The promise of consumer driven health plans is that high-deductible health plans combined with health savings accounts (HSAs) can help make the insured spend more carefully and reduce health care costs, but so far few employers have embraced the plans. According to a recent survey conducted by the Kaiser Family Foundation, only 7% of U.S. employers offer high-deductible health plans with HSAs, and only 4% of employees with health insurance are enrolled in such plans.
A plan by Wal-Mart to offer employees high-deductible health plans with lower premiums, rather than traditional low-deductible plans, will serve as a massive test of the claim that consumer-driven health plans can slow the sharp rise in medical costs by making individuals responsible for spending decisions. Under the plan, which will begin on Jan. 1, 2007, new employees can enroll in a health plan with a $1,000 deductible or a $3,000 deductible. One of the health plans will allow new employees to contribute to a health savings account after one year and Wal-Mart will contribute as much as $2,400 to the HSAs annually.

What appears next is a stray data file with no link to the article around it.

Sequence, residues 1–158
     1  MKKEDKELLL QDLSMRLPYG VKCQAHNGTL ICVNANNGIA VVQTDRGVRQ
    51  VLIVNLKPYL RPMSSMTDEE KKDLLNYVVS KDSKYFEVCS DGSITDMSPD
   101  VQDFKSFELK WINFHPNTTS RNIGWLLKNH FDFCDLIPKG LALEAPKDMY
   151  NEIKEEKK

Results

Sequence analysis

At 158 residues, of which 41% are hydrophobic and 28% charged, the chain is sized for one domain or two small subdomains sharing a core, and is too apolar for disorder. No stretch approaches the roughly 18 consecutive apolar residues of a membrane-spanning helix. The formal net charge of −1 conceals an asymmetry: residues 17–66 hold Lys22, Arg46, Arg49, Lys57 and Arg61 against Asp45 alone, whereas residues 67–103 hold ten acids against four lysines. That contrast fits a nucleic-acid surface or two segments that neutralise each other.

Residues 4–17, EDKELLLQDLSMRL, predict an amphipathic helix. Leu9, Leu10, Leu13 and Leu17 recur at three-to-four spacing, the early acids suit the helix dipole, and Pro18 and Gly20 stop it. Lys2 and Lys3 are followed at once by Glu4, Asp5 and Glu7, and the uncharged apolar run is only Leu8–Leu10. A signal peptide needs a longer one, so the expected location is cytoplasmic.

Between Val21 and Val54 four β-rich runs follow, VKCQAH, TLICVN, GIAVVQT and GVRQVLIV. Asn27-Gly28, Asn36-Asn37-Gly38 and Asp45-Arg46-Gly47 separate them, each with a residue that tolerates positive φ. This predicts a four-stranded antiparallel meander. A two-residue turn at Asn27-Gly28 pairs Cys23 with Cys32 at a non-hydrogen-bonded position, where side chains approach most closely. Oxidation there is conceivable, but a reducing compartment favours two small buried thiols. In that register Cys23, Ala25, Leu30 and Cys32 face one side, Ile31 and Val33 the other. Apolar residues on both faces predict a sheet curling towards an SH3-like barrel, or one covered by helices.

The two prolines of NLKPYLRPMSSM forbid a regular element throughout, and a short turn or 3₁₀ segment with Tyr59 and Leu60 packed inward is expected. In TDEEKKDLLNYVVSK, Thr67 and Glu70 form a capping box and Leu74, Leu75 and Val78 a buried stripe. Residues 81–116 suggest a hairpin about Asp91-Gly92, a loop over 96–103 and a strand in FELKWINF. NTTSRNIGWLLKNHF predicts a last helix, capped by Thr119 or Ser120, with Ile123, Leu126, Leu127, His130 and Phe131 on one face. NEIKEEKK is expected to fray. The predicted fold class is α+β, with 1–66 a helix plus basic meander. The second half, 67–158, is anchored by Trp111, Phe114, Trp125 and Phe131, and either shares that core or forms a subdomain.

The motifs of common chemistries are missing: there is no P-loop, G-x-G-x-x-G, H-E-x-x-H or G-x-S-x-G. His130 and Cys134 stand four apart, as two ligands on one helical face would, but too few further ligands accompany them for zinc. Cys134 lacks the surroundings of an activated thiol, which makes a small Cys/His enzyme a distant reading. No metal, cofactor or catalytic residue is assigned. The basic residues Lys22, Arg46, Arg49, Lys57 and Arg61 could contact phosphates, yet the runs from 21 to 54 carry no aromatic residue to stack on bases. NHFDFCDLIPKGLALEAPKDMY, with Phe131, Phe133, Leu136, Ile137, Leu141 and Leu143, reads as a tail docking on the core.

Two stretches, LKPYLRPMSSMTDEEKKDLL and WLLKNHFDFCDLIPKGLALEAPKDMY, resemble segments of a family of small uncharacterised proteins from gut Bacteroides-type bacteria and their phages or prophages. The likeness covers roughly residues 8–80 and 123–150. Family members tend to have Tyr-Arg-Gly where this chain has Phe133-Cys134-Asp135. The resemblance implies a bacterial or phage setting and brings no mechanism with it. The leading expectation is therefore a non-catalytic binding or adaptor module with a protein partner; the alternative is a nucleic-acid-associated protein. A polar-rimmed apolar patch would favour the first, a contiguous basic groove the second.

Because of the large number of relatively low income individuals employed by Wal-Mart, this should prove to be a solid test of the wider appeal of consumer driven health plans beyond the affluent self-insured market it has captured so far.
See full story at Kaiser Family Foundation - Kaiser Daily Health Policy Report, 9/27